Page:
All about Italy's political crisis

Italy has been without a government since March because no political group can form a majority. The two big winners in that election - Five Star and The League - attempted to join forces on Sunday but abandoned efforts after President Sergio Matarella vetoed their choice of finance minister.

May 30, 2018 04:05 IST others Raushan Kumar |

Markets around the world were shaken on Tuesday over Italy's escalating political crisis and big investors shifted money into the safe haven of US bonds and German bonds, putting pressure on bank shares.
 
What is Italy's political crisis all about?
Italy has been without a government since March because no political group can form a majority. The two big winners in that election - Five Star and The League - attempted to join forces on Sunday but abandoned efforts after President Sergio Matarella vetoed their choice of finance minister. The president appointed a new prime minister, Carlo Cottarelli, a former director at the International Monetary Fund. The attempt to form a government collapsed, and new elections are now likely.
 
Why is the crisis causing concern for global market?
1. Itay's economy, the euro zone's third-largest, has a government debt burden of €2.3tn (£2tn; $2.7tn). That is a colossal 132% of GDP and the second-highest debt level in the EU, after Greece's.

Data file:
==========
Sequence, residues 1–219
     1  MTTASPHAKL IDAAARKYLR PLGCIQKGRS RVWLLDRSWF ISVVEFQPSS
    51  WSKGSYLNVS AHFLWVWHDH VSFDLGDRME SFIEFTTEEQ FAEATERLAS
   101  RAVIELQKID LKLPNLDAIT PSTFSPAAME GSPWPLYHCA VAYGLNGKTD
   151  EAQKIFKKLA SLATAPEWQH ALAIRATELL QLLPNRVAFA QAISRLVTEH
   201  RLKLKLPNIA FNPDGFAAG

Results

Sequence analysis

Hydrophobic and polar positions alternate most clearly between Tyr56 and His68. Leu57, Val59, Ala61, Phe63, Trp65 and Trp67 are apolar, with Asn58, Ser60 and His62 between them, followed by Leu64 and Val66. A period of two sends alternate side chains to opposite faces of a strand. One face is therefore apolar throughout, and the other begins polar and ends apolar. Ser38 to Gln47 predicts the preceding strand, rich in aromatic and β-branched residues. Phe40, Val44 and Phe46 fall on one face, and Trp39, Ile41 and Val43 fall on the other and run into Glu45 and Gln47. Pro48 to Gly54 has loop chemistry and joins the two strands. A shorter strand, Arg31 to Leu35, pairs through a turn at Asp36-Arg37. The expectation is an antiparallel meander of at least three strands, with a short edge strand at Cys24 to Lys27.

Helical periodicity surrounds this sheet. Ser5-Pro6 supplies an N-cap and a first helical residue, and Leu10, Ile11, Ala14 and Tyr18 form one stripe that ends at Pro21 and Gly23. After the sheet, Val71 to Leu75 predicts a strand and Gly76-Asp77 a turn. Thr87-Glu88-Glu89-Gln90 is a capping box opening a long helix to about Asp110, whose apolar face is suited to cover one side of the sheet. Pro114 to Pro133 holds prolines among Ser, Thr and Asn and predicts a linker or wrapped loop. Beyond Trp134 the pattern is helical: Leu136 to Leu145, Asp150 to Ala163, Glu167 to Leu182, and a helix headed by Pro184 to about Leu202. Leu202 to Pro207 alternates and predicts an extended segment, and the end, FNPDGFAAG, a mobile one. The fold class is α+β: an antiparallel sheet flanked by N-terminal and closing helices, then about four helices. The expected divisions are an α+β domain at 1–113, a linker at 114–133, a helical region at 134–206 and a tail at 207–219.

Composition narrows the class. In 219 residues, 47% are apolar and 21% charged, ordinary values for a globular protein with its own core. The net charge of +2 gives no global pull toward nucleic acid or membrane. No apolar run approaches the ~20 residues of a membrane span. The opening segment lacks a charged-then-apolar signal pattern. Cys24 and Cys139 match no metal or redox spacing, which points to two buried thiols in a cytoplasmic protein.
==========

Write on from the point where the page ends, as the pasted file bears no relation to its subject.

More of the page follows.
2. Cottarelli is expected to lose a vote of confidence in the Italian parliament, which in turn is likely to lead to a new election, possibly as early as July. And for years, the Five Star Movement promulgated euro-skepticism, and initially promised a nonbinding referendum on the euro. That stance softened when it became clear that many investors feared a euro exit. And if it Ieaves the euro, Italy would likely default on its debts, and its replacement currency would be greatly devalued. A default could lead to retaliation from other countries, asset freezes abroad and economic isolation.  Interest rates could spike all over the world, reflecting a rising atmosphere of risk. Italy sells more than half its goods within the European Union.
 
3. If volatility continues, Italy may have difficulty selling government bonds that are used to pay its debts and finance salaries and pensions. The only solution would be a rescue from European Union financial authorities.
 
4. Credit-default swaps insuring Italian debt jumped by 59% to 262bps, the highest level since October 2013, indicating deterioration in perceptions of credit quality.
 
Impact of Euro Currency: The euro, which Italy uses as its currency along with 18 other countries, dropped to its lowest level against the US dollar for 10 months at $1.153.
 
Impact on Bond Yield: The 10-year Italian/German yield spread rose above 300 basis points on Tuesday, meaning it has more than doubled in just two weeks. Italy's 2-year yield rose above 2%, which is significantly higher than the 2-year Greek yield and well on the track for its biggest one-day rise since 1992. This is causing serious pain for Italian banks, which are among the biggest holders of these bonds. Their balance sheet and ability to raise financing on money and bond markets are getting hammered, which will be ringing alarm bells at the ECB.

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